UPDATE: What Investors Need to Know About Volatility

Have you been feeling seasick lately? If so, you're not alone. Volatility is making a comeback in financial markets amid a sharp selloff in Chinese stocks that has stoked concern across the globe.

Markets have been relatively stable for the past three years, with the price of both U.S. stocks and bonds climbing fairly steadily. But as with any party that’s been going on for a long time, things have gotten a little weird.

Fears of weak global growth and a continued oil selloff have prompted several sharp market moves. And with uncertainty lingering as to whether the U.S. Federal Reserve will push forward with a plan to raise interest rates, it’s easy to imagine that financial waters could remain choppy for some time yet.

What Is Volatility, Anyway?

When people talk about market volatility, they're really talking about how much investors expect demand for a particular asset — and therefore, its price — to fluctuate over time.

The Chicago Board Options Exchange Volatility Index (VIX) estimates volatility by tracking options linked to the benchmark U.S. S&P 500 stock index. The VIX jumps when investors more frantically buy or sell contracts that hedge against or speculate on a sharp market move. The volatility index, also commonly called the market's "fear gauge," drops when that trading calms.

Why Do I Care?

Market volatility matters to investors for several reasons. The most obvious is that big swings in financial markets create uncertainty and can be potentially risky, particularly for investors saving for a significant event, such as retirement or paying for a child's college tuition.

It's important that investors look at market volatility with their investment timeframe in mind. An investor that doesn't need the cash they have invested in stocks for years is likely better able to stomach volatility in the short term. But an investor that needs to write a tuition check come August may want to explore less volatile alternatives to help secure a portfolio's value.

In an ideal world, everyone would buy assets when they're cheapest and sell them when they're most expensive. But choppy markets can derail even the most disciplined investor's game plan if he or she doesn't keep in mind their investment horizon. When portfolio values plunge suddenly, some investors might panic and look to sell before things get any worse. But if the market tumult passes quickly, investors risk selling their assets at the exact moment they are worth the least.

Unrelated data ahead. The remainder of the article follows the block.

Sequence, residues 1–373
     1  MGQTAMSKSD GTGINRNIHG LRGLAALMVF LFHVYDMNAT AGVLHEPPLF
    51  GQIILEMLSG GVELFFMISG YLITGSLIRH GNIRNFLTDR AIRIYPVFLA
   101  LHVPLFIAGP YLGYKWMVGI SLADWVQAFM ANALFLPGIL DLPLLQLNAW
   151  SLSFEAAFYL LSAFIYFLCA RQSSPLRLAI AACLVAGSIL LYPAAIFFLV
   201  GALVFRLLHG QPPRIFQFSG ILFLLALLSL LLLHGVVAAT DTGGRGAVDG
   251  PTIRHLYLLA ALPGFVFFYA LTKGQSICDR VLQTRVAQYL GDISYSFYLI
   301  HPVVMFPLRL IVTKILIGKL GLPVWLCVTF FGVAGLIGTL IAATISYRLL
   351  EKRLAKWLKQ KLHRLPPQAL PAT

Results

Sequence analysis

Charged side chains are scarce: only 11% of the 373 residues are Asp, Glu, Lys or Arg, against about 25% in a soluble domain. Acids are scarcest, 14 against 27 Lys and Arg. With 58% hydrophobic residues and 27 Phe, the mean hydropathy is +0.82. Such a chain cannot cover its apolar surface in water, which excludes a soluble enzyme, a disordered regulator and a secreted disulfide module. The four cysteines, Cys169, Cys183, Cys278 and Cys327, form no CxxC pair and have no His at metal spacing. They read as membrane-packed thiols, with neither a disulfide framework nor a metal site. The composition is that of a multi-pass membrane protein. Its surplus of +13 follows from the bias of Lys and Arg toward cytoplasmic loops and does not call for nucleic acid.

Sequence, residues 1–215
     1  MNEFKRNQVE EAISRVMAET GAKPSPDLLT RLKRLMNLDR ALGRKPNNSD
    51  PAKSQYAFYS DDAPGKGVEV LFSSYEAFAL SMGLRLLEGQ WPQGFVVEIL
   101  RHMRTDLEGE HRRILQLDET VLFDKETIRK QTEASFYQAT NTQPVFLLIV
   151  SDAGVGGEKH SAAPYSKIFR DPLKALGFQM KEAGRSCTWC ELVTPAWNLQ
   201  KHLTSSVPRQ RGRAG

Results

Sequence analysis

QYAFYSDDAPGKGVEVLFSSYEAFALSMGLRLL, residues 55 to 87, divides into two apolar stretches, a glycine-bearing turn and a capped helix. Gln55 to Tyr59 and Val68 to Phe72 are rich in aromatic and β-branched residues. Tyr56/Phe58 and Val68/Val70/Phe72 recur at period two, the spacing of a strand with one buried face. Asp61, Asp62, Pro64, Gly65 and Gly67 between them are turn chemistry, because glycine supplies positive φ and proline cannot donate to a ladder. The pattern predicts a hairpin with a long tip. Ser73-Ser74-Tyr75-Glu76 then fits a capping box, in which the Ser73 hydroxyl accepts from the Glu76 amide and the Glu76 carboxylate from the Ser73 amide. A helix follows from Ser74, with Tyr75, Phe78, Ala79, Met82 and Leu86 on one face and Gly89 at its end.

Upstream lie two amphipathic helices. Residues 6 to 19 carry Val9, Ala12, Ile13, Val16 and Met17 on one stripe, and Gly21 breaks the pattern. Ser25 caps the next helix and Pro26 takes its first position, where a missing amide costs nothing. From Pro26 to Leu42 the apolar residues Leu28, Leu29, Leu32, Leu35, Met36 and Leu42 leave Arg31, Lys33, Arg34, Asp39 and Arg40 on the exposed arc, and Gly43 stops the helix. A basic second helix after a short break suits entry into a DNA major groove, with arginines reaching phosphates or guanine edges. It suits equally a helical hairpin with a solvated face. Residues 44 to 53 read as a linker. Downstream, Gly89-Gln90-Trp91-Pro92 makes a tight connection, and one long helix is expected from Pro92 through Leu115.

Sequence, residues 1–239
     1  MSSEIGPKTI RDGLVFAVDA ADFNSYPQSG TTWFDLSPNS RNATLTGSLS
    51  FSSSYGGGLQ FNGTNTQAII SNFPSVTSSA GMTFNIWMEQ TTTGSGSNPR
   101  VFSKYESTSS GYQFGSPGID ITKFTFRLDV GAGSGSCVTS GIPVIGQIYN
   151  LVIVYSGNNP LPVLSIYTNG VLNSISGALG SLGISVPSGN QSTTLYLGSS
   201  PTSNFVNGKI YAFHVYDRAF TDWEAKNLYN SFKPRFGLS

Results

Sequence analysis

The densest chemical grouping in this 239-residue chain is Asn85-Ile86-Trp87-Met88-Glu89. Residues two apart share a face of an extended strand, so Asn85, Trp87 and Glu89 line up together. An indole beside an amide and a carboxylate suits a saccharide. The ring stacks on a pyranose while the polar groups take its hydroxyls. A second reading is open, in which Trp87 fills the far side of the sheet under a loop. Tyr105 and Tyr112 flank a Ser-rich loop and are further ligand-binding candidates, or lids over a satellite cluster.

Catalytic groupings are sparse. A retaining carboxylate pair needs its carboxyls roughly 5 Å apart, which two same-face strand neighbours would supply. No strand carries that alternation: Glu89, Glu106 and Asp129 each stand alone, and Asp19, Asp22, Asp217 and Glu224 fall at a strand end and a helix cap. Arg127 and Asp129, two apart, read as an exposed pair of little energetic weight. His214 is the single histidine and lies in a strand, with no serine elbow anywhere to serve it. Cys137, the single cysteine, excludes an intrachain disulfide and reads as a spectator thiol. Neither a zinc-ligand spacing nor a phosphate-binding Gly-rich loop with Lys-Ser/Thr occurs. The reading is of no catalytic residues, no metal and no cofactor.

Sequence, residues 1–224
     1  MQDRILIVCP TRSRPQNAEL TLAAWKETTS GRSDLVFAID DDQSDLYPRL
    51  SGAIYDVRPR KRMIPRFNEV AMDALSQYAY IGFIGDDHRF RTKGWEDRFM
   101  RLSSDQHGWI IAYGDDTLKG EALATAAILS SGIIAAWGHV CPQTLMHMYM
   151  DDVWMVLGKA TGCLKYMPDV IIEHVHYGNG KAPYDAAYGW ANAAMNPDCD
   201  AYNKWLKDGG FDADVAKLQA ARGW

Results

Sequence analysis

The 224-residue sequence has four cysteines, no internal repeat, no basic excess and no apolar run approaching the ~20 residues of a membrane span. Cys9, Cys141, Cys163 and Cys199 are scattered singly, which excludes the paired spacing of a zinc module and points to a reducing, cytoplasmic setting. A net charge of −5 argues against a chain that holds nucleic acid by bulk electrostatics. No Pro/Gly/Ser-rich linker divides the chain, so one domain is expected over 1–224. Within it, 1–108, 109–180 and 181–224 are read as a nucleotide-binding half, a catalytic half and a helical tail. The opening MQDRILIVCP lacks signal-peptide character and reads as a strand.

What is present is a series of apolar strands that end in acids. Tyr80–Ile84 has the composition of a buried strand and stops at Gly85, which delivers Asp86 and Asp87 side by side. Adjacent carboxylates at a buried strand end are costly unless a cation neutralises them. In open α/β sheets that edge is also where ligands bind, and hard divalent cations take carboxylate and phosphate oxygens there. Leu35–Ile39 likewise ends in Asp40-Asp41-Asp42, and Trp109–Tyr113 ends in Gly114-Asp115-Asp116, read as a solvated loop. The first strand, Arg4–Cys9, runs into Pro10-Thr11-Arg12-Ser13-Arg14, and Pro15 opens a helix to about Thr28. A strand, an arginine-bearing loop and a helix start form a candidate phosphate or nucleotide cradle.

At the same time, when markets take an unexpected jog higher, investors may start to believe it is time to sell. It's never easy to know when to cash out of an asset that seems expensive and to buy those that look undervalued, but such decisions become even harder when prices are moving erratically.

Oil, Growth, and Central Banks — Oh My!

When volatility appears on the scene, it's important to understand what's driving it. Are markets having a temporary freak out over a geopolitical event? Or is there a more insidious long-term trend at work?

Three factors have played a big role in recent market volatility. First, global growth has been very weak outside the United States. When economies aren't growing, consumers and companies alike tend to spend less money, hurting the companies that supply them with goods and services.

Second, the price of crude oil, which has lost roughly half its value in less than a year, has weighed on investors' minds. Cheap gasoline is great for consumers and industrial companies that use a lot of energy, but it hurts the oil and gas companies that produce it.

The energy sector makes up 8.3 percent of the value of the S&P 500, a group of large American stocks frequently used to gauge the state of the overall stock market. Energy companies also make up about 20 percent of the U.S. high-yield bond market, and speculation as to whether or not they'll be able to repay their loans has stirred up debt markets.

Third, central banks are rattling financial markets, and may continue to do so in the coming months.

The European Central Bank said in January that it would implement a bond-buying program similar to the U.S. quantitative easing program, sending the value of the euro plummeting and European stocks higher. The U.S. Federal Reserve, meanwhile, has hinted that it will soon raise short-term interest rates for the first time since 2006.

All of these factors have helped pump up volatility in recent months. But the truth is, markets often soar and plummet precisely because something entirely unexpected happens. That means it always pays to be prepared, and understanding the effect volatility can have on a portfolio can help investors keep a cool head when the boat starts rocking.